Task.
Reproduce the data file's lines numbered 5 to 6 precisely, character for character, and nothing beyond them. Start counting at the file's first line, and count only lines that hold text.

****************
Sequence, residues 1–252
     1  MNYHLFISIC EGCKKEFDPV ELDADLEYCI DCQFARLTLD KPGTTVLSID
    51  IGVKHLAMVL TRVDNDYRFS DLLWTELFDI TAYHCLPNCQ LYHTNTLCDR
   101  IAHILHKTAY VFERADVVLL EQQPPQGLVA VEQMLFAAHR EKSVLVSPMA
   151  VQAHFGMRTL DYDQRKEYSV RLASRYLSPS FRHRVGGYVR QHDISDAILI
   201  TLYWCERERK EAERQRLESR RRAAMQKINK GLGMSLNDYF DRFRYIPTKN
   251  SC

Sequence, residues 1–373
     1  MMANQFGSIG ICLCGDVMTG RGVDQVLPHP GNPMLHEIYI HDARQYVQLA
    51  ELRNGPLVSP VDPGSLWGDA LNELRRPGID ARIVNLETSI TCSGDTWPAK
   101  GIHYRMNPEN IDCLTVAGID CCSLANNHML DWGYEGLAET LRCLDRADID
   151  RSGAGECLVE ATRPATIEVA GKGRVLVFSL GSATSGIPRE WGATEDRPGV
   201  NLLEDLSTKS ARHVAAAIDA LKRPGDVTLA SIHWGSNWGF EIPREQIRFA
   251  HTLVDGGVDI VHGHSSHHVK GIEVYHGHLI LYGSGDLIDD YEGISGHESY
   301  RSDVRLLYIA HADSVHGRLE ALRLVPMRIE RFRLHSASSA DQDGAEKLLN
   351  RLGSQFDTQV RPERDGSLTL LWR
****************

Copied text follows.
   151  VQAHFGMRTL DYDQRKEYSV RLASRYLSPS FRHRVGGYVR QHDISDAILI
   201  TLYWCERERK EAERQRLESR RRAAMQKINK GLGMSLNDYF DRFRYIPTKN